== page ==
The Black Gondolier and Other Stories
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by Fritz Leiber
Category: Horror/Dark Fantasy
Description: Announcing a new collection of stories by Fritz Leiber. Assembled here is a selection of Mr. Leiber's best horrific tales, many of which have been virtually unobtainable for decades. From the riveting "Spider Mansion" and "The Phantom Slayer" from Weird Tales to the more recent "Lie Still, Snow White" and "Black Has Its Charms" from rare, small-press magazines, this collection provides an overview of Leiber's fifty-plus years as an acknowledged master of the weird tale. While much of Leiber's seminal science-fiction and fantasy remains in print, his work in the field of supernatural horror has been sadly neglected until now. Edited by John Pelan and Steve Savile.
eBook Publisher: E-Reads, 2000 Midnight House
eBookwise Release Date: November 2002
26 Reader Ratings:
Available eBook Formats: OEBFF Format (IMP) [494 KB]
Reading time: 318-446 min.
"Wonderful, magical Fritz Leiber, before whom Bradbury and Sturgeon and Norton and Goldman and Barth and Vonnegut bow, not to mention Robinson, Busby, Anderson and even yours truly, the maddest egomaniac of them all. Fritz Leiber, very likely the best of all of us, the man who has won more awards than anyone else in the genre, the man whose words have lifted this too often wretched category to Olympian heights more than anyone cares to mention."--Harlan Ellison
THE BLACK GONDOLIER
Daloway lived alone in a broken-down trailer beside an oil well on the bank of a canal in Venice near the café La Gondola Negra on the Grand Canal not five blocks from St. Mark's Plaza.
I mean, he lived there until after the fashion of intellectual lone wolves he got the wander-urge and took himself off, abruptly and irresponsibly, to parts unknown. That is the theory of the police, who refuse to take seriously my story of Daloway's strange dreads and my hints at the weird world-spanning power which was menacing him. The police even make light of the very material clues which I pointed out to them.
Or else Daloway was taken off, grimly and against his will, to parts utterly unknown and blackly horrible. That is my own theory, especially on lonely nights when I remember the dreams he told me of the Black Gondolier.
Of course the canal is a rather small one, showing much of its rough gravel bottom strewn with rusted cans and blackened paper, except when it is briefly filled by one of our big winter rains. But gondolas did travel it in the illusion-packed old days and it is still spanned by a little sharply humped concrete bridge wide enough for only one car. I used to cross that bridge coming to visit Daloway and I remember how I'd slow down and tap my horn to warn a possible car coming the other way, and the momentary roller-coaster illusion I'd get as my car heaved to the top and poised there and then hurtled down the opposite dusty slope for all of a breathless second. From the top of the little bridge I'd get my first glimpse of the crowded bungalows and Daloway's weed-footed trailer and close behind it the black hunch-shouldered oil well which figured so strangely in his dreads. "Their closest listening post," he sometimes called it during the final week, when he felt positively besieged.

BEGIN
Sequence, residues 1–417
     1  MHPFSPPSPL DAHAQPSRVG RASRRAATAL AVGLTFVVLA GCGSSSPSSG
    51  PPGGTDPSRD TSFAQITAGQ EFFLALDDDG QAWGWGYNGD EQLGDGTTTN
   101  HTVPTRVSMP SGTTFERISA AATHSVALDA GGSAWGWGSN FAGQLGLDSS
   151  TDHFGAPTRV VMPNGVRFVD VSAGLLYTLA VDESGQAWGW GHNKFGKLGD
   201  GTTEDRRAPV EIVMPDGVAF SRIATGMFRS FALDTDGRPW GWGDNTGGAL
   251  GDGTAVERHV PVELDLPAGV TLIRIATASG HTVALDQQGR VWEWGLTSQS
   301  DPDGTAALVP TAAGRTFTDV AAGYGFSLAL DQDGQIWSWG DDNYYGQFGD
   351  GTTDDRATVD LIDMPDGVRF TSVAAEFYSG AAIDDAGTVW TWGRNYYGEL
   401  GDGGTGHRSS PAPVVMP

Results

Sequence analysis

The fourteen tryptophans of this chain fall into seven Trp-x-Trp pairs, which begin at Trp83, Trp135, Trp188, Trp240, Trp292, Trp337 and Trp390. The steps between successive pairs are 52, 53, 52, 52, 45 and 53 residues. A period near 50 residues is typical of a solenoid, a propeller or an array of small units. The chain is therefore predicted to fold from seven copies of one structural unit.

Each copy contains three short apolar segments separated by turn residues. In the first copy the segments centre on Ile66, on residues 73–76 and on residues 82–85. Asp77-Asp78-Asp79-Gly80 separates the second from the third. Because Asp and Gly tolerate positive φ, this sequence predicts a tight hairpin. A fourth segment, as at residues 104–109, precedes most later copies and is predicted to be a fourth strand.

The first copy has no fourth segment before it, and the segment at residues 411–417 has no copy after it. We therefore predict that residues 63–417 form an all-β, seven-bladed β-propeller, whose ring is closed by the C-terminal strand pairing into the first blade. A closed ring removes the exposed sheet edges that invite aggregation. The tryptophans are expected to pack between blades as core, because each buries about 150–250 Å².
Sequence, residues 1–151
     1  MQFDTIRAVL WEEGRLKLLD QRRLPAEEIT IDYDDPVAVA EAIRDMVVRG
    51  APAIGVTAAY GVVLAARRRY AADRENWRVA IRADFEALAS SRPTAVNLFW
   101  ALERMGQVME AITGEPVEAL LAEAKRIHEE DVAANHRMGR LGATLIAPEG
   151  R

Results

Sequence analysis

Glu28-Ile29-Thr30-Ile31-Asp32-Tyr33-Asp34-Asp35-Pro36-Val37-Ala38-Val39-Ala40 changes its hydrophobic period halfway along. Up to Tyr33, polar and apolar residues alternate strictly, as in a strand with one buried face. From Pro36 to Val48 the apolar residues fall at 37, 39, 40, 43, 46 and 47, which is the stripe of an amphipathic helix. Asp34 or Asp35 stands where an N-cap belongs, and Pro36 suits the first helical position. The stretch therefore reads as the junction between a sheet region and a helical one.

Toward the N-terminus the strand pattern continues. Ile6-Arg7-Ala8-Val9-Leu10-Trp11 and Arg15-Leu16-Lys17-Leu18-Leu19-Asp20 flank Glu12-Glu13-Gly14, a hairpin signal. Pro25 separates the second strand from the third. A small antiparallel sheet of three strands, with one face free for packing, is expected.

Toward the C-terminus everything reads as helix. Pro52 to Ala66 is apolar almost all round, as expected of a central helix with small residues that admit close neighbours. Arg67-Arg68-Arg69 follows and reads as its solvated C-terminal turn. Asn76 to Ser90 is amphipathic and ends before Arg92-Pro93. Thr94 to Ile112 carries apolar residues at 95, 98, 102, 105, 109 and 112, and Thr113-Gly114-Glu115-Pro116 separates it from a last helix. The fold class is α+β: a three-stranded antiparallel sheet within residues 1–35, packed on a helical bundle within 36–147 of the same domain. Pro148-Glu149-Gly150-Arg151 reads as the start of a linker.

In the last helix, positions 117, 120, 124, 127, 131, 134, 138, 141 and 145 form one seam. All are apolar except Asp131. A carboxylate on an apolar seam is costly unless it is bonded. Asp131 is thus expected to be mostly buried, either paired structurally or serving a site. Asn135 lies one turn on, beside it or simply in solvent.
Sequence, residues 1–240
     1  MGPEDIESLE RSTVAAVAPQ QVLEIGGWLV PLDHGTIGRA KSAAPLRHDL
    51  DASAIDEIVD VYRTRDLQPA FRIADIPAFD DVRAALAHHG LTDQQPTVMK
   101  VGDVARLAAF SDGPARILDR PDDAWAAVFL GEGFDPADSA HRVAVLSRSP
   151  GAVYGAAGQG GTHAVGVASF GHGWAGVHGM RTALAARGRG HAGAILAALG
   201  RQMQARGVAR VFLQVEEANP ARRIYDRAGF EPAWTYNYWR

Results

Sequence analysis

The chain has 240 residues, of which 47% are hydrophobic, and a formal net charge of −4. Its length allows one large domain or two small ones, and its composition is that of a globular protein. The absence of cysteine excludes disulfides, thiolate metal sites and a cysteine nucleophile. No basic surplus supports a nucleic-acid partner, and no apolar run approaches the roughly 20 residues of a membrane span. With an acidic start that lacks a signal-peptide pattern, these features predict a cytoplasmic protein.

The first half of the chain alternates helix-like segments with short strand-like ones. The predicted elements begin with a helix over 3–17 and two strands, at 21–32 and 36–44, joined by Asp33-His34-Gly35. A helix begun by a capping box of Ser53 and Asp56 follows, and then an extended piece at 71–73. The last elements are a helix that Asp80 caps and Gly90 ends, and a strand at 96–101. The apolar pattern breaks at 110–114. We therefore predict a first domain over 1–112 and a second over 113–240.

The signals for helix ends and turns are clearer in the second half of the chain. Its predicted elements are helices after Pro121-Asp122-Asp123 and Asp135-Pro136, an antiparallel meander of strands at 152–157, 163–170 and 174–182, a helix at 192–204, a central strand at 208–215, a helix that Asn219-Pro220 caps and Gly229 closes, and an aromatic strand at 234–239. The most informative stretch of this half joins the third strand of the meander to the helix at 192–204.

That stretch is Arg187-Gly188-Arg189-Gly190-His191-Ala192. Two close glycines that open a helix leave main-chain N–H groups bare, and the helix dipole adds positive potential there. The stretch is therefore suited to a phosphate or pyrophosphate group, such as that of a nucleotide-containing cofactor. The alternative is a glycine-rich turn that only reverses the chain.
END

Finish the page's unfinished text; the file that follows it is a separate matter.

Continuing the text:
And of course the Grand Canal is pretty dismal these days, with its several gracefully arching Bridges of Sighs raddled with holes showing their cement-shell construction and blocked off at either end by heavy wire barricades to keep off small boys, and with both its banks lined with oil wells, some still with their towering derricks and some--mostly those next to beach side houses--with their derricks dismantled, but all of them wearily pumping twenty-four hours a day with a soft slow syncopated thumping that the residents don't hear for its monotony, interminably sucking up the black petroleum that underlies Venice, lazily ducking and lifting their angularly oval metal heads like so many iron dinosaurs or donkeys forever drinking--donkeys moving in the somnambulistic rhythm of Ferde Grofe's Grand-Canyon donkey when it does its sleepy hee ... haw. Daloway had a very weird theory about that--about the crude oil, I mean--a theory which became the core of his dreads and which for all its utter black wildness may still best explain his disappearance.